Multiple Sclerosis (MS) is a neurological disorder which affects twice as common in women as in men. However, a recent study by the Mayo Clinic, the University of California at San Francisco, the University of California at Berkeley and Kaiser Permanente found that men are twice more likely to pass MS on to their offspring than women.
Multiple Sclerosis affects about one in 1,000 people and the majority of the cases are women, Caucasians, and people who live in temperate areas far from the equator. The average age of the onset of MS is between the ages of 30 and 33 and the average of diagnosis is 37 with 10% of cases being diagnosed as late as 50.
“Fathers with MS tend to have more children who develop MS than do mothers with the disease,” says Brian Weinshenker, M.D., Mayo Clinic neurologist and study investigator. “When we looked at a large population of MS patients, when there was a parent and a child who had MS in a family, the child with MS got the disease twice as often from the father rather than the mother.”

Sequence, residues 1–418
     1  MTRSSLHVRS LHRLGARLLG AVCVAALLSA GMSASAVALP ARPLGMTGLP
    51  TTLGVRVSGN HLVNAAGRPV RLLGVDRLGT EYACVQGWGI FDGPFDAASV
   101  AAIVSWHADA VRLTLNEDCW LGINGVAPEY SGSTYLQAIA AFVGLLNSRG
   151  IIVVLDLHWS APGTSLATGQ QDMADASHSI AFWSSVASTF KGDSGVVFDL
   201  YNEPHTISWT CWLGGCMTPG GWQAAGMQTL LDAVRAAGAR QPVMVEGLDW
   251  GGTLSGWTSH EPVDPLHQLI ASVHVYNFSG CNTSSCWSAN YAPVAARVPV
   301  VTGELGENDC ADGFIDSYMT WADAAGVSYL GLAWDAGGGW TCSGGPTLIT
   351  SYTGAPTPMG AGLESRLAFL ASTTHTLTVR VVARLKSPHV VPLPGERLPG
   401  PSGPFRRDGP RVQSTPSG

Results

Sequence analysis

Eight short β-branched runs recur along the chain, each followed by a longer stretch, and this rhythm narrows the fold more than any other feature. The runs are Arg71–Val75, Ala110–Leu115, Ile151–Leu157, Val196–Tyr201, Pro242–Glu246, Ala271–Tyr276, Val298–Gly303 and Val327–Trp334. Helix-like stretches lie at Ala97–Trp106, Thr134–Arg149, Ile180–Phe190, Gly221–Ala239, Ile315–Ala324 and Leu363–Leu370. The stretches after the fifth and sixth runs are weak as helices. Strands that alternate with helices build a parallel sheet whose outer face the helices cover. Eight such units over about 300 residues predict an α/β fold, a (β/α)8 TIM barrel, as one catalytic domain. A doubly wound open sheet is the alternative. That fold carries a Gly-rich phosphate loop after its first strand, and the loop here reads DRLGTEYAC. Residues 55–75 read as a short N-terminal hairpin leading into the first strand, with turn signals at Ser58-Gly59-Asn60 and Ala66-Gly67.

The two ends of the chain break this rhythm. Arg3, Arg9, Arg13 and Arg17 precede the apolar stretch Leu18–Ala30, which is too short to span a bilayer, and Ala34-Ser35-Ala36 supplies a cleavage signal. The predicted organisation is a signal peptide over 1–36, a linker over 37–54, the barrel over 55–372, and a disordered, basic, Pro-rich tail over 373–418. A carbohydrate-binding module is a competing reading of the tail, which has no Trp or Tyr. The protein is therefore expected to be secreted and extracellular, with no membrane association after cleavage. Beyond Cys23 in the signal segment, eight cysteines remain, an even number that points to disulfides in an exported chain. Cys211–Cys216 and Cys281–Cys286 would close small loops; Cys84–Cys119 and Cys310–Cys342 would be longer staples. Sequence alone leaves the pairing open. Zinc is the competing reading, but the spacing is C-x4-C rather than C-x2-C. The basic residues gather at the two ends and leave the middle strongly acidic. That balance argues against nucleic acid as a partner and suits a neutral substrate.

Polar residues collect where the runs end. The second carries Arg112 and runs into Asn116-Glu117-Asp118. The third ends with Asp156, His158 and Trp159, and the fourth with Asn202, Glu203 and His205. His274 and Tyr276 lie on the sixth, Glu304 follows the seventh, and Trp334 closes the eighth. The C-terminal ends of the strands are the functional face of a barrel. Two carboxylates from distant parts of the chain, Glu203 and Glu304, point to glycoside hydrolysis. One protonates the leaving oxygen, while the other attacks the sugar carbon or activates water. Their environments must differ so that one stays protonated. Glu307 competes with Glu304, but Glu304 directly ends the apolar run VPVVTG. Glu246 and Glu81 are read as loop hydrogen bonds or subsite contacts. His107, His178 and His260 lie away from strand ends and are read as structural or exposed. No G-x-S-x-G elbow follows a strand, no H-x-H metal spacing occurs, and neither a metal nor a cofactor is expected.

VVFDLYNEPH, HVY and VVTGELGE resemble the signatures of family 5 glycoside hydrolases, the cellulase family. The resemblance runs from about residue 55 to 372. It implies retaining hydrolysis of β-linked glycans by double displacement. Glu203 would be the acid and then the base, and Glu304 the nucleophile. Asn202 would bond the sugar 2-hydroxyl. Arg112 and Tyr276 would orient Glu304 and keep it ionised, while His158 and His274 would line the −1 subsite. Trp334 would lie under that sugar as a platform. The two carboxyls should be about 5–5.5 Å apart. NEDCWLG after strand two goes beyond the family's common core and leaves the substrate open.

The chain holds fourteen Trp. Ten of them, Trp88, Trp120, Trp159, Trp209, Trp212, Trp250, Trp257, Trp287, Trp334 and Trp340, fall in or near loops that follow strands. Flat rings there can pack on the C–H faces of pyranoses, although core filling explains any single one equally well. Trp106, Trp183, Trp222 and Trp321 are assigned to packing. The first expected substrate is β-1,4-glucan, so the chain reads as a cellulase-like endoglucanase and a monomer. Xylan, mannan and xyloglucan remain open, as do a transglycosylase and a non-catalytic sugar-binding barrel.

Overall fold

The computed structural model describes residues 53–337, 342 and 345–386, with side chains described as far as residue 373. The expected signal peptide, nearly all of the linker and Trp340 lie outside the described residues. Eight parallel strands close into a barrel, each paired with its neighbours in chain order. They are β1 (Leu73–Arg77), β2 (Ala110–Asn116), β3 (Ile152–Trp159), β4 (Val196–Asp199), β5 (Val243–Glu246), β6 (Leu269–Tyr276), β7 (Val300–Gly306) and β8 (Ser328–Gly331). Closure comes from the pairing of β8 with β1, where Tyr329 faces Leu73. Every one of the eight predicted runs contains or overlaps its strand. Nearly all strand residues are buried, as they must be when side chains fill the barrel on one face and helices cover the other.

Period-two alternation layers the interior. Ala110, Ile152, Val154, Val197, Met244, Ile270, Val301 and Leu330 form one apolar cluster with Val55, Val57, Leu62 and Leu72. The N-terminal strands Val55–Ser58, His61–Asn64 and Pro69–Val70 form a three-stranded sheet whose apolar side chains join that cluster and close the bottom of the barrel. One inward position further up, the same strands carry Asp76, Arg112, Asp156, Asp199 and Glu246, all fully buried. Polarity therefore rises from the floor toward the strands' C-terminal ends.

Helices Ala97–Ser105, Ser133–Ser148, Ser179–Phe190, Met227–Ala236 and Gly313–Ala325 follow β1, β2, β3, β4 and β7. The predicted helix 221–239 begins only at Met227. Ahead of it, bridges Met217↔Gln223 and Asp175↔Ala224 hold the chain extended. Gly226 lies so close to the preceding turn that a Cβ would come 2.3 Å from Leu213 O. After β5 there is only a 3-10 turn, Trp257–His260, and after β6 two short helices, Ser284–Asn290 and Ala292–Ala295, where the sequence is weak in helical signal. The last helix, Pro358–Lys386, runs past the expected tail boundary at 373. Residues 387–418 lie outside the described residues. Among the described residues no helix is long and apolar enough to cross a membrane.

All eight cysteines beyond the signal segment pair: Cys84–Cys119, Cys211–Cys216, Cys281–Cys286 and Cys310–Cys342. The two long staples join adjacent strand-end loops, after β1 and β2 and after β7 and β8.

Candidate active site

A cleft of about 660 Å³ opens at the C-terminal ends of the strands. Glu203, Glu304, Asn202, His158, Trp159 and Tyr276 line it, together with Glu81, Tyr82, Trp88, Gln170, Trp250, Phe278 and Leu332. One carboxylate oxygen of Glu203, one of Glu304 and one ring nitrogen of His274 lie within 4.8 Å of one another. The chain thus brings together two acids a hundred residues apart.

Although there have been many studies on Multiple Sclerosis linking environmental, genetic and viral causes for the disease, there is no consensus on an exact cause of MS. When it comes to genetic factors, the Mayo Clinic study also reveals that 15 percent of people with the disease have a family member within a generation who is also affected.
Many scientists believe that the disease has a genetic component and there are extenuating environmental factors that can affect whether the disease expresses itself or remains dormant. So many people may be carriers of the disease but show no symptoms of having the disease or whatsoever. Also, Multiple Sclerosis is a disease that affects everyone differently. The onset, severity, and speed of the disease’s spread throughout the body vary widely from case to case.
So if the genetic link is weak, why is it that men with a tendency of acquiring the disease have twice the chance of passing it to their offspring? “The hypothesis of the study is that men are more resistant to Multiple Sclerosis, so they need stronger or a larger number of genes in order to develop MS, and then pass these genes to their children,” says Orhun Kantarci, M.D., Mayo Clinic neurologist and lead author of the paper. The researchers believe that although they get the disease less frequently than females, males with the disease carry a larger “genetic load” of MS genes. Thus, the children of men who are predisposed to MS have a much higher genetic likelihood of the disease expressing itself than children born to female carriers.
The results of the Mayo Clinic study revealed that men transmit Multiple Sclerosis to their children 2.2 times more often than women in families where the father or mother of the child has MS. The study was conducted on 444 children of an MS-affected mother or father from 3,598 individuals.